Another Early Black Forest Automa

This early Black Forest soldier Automaton is another one of our favorite shield clocks in our collection. This clock shows a more primitive style of Black Forest Clock making…and was made in a time before the mass production of the large factories. It was made by the hand of a clock maker, in the Black Forest that took pride in his work.
The soldier automaton was a favorite done by the Black Forest clockmakers. While most of these antique soldier clocks that are seen today are incorporated into the shelf cuckoo (and made around the turn of the 19th C)… These early shield variety were made a generation or two earlier, and in much fewer numbers …and are difficult to locate today.
This Automaton was made C. 1820. It has a early wood plate, wood spindle movement.. The movement has Time, Strike & Automation. The two trains on this clock are front to back. The clock is in fantastic condition for its age, the soildier cannon...normaly missing or replaced are period. This clock is very pleasing to the eye. While most automated clocks the automation is hooked up to the strike train...where the automation is viewed every hour… the soldier is one of the few where the automation is connected to the time train. This creates constant action that can be seen as the pendulum swings.
On this piece the Soldier marches in front of the mansion, guarding the palace with his gun. When he reaches the turret on the right hand side, he quickly turns around…and begins his march in the other direction. He then marches back across the front of the clock to the cannon on the left…were he spins again. This is repeated over and over as the clock ticks.
This clock was located in Holland. We had is serviced in Europe prior to sending it back to the USA.. It is all cleaned…and working as it did when it was made... nearly 200 years ago.

Thursday, March 05, 2009

A Beha Shelf Cuckoo and a Carl Heine Painting

This Beha cuckoo was made C. 1870 in Eisenbach, Schwarzwald. The typical wood plate 8 day double fusee movement is housed in a beautiful round top elongated walnut case.

The case is intricately done with fruit wood inlays of oak leaves and acorns both on the base and well at the top. The cuckoo door is also inlaid with flowers and leaves. What makes this Beha special is the full oil painting on zinc or tin.

While Beha frequently used paintings on his cuckoo clocks, this was rarely done on the shelf or table examples. These Beha shelf clocks with large oil paintings are prized by collectors worldwide.

The painting on the clock is well done. It shows a mother and child on the ground...quietly looking up into the tree at the cuckoo up in the branches. The mother pointing to the cuckoo.

This painting was painted by the well known Black Forest painter Carl Heine, of Neustadt (1842-1882). Carl Heine's work almost always includes the tree with the bending trunk, and cuckoo up in the branches. The subjects eyes always gaze up at the bird... and frequently pointing to the bird... as on this clock.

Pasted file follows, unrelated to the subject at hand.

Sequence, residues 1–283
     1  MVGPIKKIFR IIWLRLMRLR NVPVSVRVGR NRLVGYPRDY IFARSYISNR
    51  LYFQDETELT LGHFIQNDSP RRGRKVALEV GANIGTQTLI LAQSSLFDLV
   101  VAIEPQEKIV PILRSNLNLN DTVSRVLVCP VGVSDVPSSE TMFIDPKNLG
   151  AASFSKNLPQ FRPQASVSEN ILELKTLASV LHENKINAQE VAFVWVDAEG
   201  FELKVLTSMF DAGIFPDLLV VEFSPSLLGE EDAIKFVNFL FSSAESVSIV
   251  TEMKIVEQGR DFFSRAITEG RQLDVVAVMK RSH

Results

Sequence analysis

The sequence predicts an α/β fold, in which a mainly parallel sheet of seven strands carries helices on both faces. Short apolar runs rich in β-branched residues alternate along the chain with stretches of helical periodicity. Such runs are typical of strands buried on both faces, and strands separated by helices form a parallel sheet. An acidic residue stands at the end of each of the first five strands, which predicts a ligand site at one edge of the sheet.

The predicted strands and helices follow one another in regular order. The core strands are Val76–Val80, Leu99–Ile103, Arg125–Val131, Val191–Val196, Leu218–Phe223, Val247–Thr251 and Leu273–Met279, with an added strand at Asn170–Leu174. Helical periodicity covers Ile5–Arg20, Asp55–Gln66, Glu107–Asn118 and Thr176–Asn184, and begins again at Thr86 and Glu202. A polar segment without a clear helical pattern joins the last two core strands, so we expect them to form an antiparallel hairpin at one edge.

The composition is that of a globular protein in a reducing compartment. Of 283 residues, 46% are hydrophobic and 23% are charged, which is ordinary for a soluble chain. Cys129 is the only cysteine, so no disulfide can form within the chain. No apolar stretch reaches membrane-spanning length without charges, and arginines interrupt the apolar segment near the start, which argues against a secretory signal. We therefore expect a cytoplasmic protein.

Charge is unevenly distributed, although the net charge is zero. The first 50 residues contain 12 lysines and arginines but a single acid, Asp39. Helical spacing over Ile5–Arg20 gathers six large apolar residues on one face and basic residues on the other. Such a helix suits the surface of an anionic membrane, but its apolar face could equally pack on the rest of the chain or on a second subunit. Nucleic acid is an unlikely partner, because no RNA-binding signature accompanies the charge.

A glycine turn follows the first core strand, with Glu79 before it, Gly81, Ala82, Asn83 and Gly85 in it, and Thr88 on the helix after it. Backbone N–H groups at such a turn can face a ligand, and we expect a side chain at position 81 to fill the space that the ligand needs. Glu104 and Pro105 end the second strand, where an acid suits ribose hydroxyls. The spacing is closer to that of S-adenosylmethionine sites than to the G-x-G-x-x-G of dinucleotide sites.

The book IN DIE NEUE ZEIT (which covers clocks and influential people from the Titisee/Neustadt region in the Black Forest) has several pages devoted to Carl Heine... his life, his work, and many of his paintings. This piece shows a softer side of the clocks produced in the Black Forest.

Wednesday, March 04, 2009

A Wehrle Timepiece: "Rare As Rooster's Teeth"

This next clock in the collection is a Emilian Wehrle Rooster clock. Also known as a "Hahnen-Uhr".
The Wehrle Rooster awakes on the hour, or on demand...with three loud distinct calls.


While Emilian Wehrle was not the inventor of the Rooster clock... he was the first to perfect it. He invented an apparatus that mimics the call of the Rooster without the use of air or horns. Instead Wehrle used a serrated wheel that rides a small metal reed...

This friction at variable pressures and speeds creates a correct Rooster call. Emilian Wehrle was issued a patent in 1884 for his design (Apparat Fur Schallerzeugung #32141). Production started shortly after this date. Because of their high cost, and the loud and obnoxious call of the Rooster every hour they were never a success. By Emilian Wehrles death in 1896 very few were made, and even fewer have survived. The Rooster clock is one of the Rarest clocks ever produced by Wehrle...and are almost impossible to find today. We are honored to have one in our collection.
The example shown here is one of the nicest known. The only other example known in the States, is a small 30 hour wall clock, in a simple case.

This Rooster is a fancy cased shelf clock, with a matching bracket. This clock will run for 8 days. This clock was retailed by Camerer, Kuss & Co. in England, and has there lable on the back board.



A Early Black Forest Miniature, by Joseph Sorg

Measuring in at only 3.25 inches from the bottom of the movement to the top of the bell, this clock is the smallest clock in our collection.
This miniature, that can easily fit into the palm of your hand... is called a “Sorguhr”.
This term refers to miniature clocks patterned after those made by their inventor Joseph Sorg of Neustadt (1807-1872).
Joseph Sorg was not only a important clock maker during the first half of the 19th C., but also severed as the Mayor of Neustadt during the early 1850’s.
The styles of Sorguhren produced varied greatly. They were made in picture frame style cases..many with hammered brass frames (with or without automation), Biedermeier cases, and the more common shield style with wood or brass faces. There are also known examples cased in miniature granfather style cases no more than 20" high.

The example shown here is in the most traditional style. The clock has a round enamel dial… with the hammered brass crest. This example shows an eagle representing war… grasping arrows.

While we own several Sorguren in the collection (and will share them in future posts) this one is special.

This Sorg was made and signed by the inventor himself, Joseph Sorg. We have owned nearly a dozen Sorguhren over the years…and all are very collectible, but this is the only example we have owned that has been a true Sorg.

Joseph Sorg, although the inventor, was responsible for just a very small fraction of all the Sorguhren produced. A Sorg that is made Joseph Sorg himself , is of no comparison in rarity or value to other unsigned examples.
This example shown here was made by Jospeh Sorg, in Neustadt C. 1850. This example has wood arbors, and is rope drive. The movement has both the time as well as the alarm functions.
The movement measures 2.5 High (without bell) 3.25 inc. Bell 1.75 Wide 1.25 Deep
The clock is signed on the small gear that is located the front of the movement . “J. Sorg” (see pic).
We look forward to sharing other examples of Early BF miniatures in the future.